Dale Matteson Jury Trial Begins

MADISON, Neb. --  Prosecutors in Madison County are blaming a 17-year old's death in 2019 on the victim's father. Now a jury will hear those arguments, in addition to the man's defense.

Dale Matteson's jury trial on his charges of child abuse resulting in death began Monday morning. 

This morning, the jury for defendant Dale Matteson was chosen in Madison County Court. Questions regarding such topics as first-hand accounts of suicide, sex, and abuse were all on the table. The question they will have to answer at the end of the trial: can Matteson be held legally guilty for his daughter's suicide?

The jury selection for the court proceedings began at the auditorium in downtown Madison. About 60 strangers -- priests, principals, daycare teachers, farmers, students, and entrepreneurs -- gathered, socially distanced. The twelve chosen include eight women and six men, some with affiliations to work with kids, and others who had said they would need significant evidence to hold someone else responsible for a suicide. 

After a break around noon, the group gathered in Madison County Courthouse to hear opening statements from the two sides and an idea of what the trial would look like for Dale Matteson.


County Attorney Joseph Smith, opened the proceedings. Smith argued that Matteson, who had admitted to attempting incest with his daughter, was the reason his daughter committed suicide:

"He comes around her," Smith demonstrated one incident between Zoe Matteson as a child and her father, "and he's naked, completely naked. He hugs her, and says he hopes she doesn't think he's weird." Smith continued to share the reports of things Matteson said to his daughter, based on Zoe's testaments to her counselors and from previous court hearings. The alleged comments included things like that he could teach her things boys her age couldn't, or even more vulgar and descriptive statements of sexual things he wanted to do to her.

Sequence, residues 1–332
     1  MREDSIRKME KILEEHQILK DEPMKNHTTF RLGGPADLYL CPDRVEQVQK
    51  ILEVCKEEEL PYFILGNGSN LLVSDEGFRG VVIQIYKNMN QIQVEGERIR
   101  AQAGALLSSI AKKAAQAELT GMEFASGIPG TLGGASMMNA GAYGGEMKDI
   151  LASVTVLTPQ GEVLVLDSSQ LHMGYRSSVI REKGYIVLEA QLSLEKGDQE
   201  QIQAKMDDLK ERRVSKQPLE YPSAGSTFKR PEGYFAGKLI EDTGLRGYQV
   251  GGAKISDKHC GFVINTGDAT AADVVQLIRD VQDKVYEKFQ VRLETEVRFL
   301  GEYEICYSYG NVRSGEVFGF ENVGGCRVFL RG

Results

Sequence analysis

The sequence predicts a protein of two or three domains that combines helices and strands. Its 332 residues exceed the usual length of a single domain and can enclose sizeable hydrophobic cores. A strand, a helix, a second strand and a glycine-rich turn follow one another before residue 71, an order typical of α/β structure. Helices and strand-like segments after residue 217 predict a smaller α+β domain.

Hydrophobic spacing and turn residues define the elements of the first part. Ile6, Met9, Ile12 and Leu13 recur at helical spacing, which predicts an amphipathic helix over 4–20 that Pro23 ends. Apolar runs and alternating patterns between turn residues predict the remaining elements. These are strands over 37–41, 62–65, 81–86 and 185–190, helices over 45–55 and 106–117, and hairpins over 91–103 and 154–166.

Recordings in the next few days' trials, Smith said, will prove acts like this which Dale Matteson has admitted to. 

Smith alleged that the victim even confided in her counselor, a future witness, that her first (failed) suicide attempt was because of her father's abusive behavior. 

Smith concluded that these incidents gave Zoe Matteson her PTSD diagnosis, which led to her suicide thoughts.

He shared with the jury that the definition of child abuse by death includes having "put a child in a dangerous mental health state."


The defense, Berry Law Firm's Seth Morris, said that there were other factors at play and ultimately, Matteson could not be held accountable for his daughter's action.

"Mr. Matteson took responsibility for attempted incest, [but] what he will not do is take responsibility for what he did not do," said Morris.

Morris said Zoe suffered from depression, cyberbullying, and had just broken up with her boyfriend before her death. 

"The issue is the state cannot prove is that Mr. Matteson is the proximate cause of Zoe's death," said Morris. He emphasized that she committed the act of her own volition. "She drove to Walmart and got those pills on her own."

Two witnesses were brought to the stand after opening statements. First, Norfolk Police Officer Amanda Dunbar. She confirmed for the defense that Zoe Matteson did not have physical bruises or injuries. She also confirmed to the prosecution that when she saw Zoe Matteson in July, the emaciated girl clearly had emotional injuries. 

Detective John Hobbs then went to the stand, describing how they had found her body and how the 17-year-old had overdosed from 60 generic Benadryl pills. 

"Was there any evidence that would lead you to believe anybody else was involved [in her death]?" Morris asked Hobbs. 

"No," Hobbs stated.

Future testimonies will include Zoe's counselor and another alleged victim of Dale Matteson. 

NCN will be following this case, which is expected to last until Thursday. Stay tuned to our website for updates.